We’re often told to maintain eye contact when speaking with others. But a new study published in the journal Psychological Science is poking holes in the theory that looking deep into someone’s eyes shows interest and boosts …
In the dystopian future, there will only be two tribes: those with messy desks and those with orderly ones. The messy desk people will live unhealthy and inefficient lives but come up with interesting new ideas. The organized …
One detail among the many reports emerging about Aaron Alexis, the 34-year-old man suspected of killing 12 people in a shooting at the Washington Navy Yard on Monday, stood out: he was a regular meditator.
More research is documenting the lasting legacy of bullying on its victims in nearly every part of their lives, from emotional wellbeing to career success.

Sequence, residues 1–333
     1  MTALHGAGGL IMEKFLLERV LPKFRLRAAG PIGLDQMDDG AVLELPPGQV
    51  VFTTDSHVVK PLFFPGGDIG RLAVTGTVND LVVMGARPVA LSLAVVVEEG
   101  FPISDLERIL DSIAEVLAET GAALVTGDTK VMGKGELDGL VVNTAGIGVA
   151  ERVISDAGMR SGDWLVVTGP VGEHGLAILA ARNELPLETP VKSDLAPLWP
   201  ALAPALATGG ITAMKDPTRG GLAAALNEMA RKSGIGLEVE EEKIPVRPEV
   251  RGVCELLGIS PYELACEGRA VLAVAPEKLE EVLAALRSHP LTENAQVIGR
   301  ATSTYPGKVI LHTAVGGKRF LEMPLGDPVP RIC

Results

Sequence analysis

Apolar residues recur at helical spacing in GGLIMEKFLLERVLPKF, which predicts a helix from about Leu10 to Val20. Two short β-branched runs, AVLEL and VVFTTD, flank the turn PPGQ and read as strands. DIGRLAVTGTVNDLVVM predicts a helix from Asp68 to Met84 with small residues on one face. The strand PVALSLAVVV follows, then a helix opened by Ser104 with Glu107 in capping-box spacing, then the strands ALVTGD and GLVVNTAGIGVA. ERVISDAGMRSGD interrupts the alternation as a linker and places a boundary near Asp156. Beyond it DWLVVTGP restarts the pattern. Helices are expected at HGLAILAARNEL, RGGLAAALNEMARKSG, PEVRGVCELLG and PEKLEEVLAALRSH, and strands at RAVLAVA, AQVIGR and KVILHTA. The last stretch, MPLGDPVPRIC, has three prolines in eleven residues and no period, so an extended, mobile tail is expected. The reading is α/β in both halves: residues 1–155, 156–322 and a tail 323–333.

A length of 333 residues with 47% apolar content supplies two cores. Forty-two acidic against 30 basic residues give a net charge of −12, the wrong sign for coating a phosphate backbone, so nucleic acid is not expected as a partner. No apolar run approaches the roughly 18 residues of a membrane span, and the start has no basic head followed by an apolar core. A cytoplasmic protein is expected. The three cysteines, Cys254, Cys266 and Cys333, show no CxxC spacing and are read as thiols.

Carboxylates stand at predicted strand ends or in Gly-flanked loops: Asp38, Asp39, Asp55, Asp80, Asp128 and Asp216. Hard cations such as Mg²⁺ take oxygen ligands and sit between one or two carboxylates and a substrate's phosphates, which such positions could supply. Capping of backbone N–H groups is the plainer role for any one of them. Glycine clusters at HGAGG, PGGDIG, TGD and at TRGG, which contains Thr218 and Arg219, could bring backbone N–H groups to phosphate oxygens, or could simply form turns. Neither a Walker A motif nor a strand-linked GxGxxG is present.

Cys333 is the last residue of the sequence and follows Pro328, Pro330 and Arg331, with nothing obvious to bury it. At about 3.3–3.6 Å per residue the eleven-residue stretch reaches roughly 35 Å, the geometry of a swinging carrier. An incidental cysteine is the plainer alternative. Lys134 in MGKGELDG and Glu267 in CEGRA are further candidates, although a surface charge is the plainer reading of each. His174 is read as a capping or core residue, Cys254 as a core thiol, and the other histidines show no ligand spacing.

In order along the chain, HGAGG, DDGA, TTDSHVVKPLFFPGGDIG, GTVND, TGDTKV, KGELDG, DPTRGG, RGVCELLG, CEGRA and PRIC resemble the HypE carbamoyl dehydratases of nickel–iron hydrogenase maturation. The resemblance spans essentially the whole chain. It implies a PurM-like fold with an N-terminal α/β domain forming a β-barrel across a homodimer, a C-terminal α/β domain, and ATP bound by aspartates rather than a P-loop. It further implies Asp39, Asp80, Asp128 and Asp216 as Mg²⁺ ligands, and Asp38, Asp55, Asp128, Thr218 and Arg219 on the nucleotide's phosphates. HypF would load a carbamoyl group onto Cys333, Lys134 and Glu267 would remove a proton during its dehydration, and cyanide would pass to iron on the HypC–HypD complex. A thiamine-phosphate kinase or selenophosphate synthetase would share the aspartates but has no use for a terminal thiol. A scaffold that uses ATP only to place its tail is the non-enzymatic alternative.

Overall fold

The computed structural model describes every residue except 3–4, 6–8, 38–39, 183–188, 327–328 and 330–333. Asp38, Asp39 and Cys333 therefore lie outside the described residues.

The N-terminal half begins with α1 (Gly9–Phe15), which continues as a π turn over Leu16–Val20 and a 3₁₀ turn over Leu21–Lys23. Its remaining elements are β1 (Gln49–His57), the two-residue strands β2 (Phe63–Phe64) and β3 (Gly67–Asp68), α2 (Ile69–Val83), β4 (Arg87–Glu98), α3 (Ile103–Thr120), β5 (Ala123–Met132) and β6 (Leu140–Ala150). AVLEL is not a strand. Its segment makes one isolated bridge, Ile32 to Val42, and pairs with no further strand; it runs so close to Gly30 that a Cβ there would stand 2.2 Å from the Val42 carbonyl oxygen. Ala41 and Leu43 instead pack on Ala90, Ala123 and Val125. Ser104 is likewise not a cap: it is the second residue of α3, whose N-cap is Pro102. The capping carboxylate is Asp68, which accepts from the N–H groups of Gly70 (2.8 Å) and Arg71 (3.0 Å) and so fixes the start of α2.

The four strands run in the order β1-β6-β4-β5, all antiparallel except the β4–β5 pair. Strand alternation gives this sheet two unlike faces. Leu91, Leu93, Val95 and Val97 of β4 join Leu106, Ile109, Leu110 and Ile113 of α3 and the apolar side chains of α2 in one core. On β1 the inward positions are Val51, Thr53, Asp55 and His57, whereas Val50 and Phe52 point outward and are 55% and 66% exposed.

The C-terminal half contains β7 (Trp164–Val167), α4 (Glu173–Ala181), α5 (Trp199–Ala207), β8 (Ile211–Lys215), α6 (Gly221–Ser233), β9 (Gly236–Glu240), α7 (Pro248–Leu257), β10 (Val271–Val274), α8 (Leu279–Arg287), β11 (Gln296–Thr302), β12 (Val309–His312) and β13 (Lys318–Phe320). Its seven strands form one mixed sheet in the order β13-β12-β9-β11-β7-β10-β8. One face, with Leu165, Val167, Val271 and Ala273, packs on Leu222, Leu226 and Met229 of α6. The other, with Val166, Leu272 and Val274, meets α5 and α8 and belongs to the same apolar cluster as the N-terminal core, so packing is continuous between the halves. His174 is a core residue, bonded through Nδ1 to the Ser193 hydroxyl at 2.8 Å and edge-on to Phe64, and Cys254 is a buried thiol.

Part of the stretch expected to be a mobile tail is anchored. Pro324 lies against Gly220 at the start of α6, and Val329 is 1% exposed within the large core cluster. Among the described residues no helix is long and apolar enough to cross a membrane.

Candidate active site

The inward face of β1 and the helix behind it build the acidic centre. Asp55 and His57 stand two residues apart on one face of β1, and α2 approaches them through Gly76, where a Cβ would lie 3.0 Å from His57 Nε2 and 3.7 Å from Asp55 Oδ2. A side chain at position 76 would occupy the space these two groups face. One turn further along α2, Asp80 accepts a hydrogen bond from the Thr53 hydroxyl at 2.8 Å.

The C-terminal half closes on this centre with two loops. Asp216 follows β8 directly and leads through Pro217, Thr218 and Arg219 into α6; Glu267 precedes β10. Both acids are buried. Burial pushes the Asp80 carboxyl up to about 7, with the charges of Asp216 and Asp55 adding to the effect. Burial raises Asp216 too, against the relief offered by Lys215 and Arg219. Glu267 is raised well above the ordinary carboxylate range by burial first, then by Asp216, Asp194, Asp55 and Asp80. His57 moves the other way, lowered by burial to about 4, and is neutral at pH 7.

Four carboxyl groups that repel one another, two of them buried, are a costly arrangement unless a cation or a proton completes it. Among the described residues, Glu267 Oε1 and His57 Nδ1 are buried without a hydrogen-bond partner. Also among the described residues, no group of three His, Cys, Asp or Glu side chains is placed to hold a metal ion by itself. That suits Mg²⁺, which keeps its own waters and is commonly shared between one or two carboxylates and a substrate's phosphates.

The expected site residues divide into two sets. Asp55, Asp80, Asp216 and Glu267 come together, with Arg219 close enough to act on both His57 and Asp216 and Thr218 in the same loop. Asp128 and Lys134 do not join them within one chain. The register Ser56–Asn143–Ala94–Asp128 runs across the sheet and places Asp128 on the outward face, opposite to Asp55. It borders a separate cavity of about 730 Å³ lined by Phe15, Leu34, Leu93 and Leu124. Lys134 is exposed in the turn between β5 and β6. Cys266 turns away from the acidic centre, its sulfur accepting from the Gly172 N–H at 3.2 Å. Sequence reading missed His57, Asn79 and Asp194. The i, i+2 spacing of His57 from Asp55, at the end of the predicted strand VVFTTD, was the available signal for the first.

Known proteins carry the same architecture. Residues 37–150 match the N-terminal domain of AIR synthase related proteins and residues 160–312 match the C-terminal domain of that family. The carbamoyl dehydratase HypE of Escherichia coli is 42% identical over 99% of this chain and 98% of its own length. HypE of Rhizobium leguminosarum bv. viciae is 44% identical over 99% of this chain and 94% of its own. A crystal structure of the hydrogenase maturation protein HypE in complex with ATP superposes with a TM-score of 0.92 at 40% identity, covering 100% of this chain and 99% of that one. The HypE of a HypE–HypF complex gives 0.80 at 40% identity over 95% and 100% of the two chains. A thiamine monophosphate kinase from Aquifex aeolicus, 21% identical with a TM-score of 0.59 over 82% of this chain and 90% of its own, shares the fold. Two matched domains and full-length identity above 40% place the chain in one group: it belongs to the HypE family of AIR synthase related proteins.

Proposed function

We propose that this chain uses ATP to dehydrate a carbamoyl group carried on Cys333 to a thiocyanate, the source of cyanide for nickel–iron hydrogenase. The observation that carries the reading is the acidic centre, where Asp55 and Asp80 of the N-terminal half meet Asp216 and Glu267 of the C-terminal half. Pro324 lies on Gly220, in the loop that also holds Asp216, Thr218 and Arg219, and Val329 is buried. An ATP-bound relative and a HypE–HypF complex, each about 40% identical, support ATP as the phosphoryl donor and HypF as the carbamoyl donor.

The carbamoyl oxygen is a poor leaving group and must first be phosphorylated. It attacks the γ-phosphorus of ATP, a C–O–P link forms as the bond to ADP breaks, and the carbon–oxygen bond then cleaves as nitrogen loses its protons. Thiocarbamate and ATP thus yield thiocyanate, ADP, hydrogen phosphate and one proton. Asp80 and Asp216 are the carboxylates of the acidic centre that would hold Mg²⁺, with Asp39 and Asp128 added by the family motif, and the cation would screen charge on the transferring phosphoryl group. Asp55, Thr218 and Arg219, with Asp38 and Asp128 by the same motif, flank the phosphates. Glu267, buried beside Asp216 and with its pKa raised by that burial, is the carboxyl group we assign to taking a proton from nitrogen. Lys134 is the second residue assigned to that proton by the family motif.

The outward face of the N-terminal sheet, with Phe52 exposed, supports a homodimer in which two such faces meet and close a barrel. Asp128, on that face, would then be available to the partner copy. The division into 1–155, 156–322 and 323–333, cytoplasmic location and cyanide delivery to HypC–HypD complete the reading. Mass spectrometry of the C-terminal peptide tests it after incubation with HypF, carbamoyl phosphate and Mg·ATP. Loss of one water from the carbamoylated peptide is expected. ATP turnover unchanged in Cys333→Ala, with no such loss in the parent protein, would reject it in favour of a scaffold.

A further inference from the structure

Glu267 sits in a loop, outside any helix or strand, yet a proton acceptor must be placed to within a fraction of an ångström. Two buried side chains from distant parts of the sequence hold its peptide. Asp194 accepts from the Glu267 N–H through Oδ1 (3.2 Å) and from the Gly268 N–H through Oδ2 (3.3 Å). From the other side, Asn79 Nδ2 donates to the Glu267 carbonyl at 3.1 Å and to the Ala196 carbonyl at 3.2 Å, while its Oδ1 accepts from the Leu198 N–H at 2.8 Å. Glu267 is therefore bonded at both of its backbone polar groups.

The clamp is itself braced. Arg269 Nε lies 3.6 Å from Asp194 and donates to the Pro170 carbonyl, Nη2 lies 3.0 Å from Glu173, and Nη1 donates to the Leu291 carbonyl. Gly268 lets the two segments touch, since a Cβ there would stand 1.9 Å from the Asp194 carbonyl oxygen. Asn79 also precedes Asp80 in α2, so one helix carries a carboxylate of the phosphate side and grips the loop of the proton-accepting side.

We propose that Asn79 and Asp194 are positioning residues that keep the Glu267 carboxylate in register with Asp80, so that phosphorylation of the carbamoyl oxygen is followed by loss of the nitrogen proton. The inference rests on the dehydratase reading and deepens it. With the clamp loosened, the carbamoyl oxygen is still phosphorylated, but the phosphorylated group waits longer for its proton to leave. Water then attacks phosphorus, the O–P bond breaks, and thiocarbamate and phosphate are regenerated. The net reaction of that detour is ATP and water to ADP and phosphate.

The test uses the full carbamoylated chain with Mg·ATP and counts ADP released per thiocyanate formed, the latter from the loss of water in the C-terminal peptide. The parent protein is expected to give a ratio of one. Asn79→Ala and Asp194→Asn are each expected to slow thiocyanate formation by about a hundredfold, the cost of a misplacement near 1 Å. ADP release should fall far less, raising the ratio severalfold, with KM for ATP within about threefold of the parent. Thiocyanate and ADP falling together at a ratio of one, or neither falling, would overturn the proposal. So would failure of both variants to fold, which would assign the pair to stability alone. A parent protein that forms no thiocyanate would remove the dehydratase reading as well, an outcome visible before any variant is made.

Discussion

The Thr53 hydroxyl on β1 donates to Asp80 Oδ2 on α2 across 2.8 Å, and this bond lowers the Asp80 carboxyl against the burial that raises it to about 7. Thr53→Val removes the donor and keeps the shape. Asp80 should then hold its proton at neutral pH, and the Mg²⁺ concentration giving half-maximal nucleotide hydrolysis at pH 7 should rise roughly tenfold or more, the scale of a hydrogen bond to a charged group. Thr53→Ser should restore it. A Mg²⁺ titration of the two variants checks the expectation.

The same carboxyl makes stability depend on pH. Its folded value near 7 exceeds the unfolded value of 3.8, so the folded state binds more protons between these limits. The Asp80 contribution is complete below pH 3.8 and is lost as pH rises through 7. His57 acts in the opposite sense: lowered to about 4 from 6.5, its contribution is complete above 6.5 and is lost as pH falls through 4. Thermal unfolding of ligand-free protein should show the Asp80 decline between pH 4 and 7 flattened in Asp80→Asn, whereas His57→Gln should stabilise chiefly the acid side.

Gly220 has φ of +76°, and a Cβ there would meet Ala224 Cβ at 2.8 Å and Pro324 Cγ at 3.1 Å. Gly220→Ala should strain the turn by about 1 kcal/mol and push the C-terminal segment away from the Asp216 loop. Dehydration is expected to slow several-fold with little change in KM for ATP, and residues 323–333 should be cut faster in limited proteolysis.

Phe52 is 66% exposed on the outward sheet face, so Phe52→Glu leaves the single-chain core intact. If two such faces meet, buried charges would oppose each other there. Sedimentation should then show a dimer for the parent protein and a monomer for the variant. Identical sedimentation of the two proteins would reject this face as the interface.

As U.S. suicide rates rise, experts are divided over which strategies save more lives
We like it when we get away with cheating— and not just in relationships.
In an investigative report into the background of former New England Patriots tight end Aaron Hernandez, who is awaiting trial for murder, Rolling Stone reports that the Massachusetts native was a regular user of PCP …
Therapy is all about learning how to cope and manage difficult situations better, but sessions may not always equip patients with the practical tools they need to face challenges when they occur.
The rich really are different — and, apparently more self-absorbed, according to the latest research.
Bullying can have harmful effects on childhood development, and the latest research reveals those detrimental influences may even stretch into adulthood, depending on how victims handle the trauma.
Climate change may be one of the factors contributing to violence within and among societies, according to the latest study.
Law enforcement reminders of the consequences of criminal behavior are supposed to curb illegal activity, but some of these intimidation strategies may be backfiring, especially among youth.
Do violent video games make people more callous and less likely to help others? The latest study suggests not— but it likely won’t be the last word.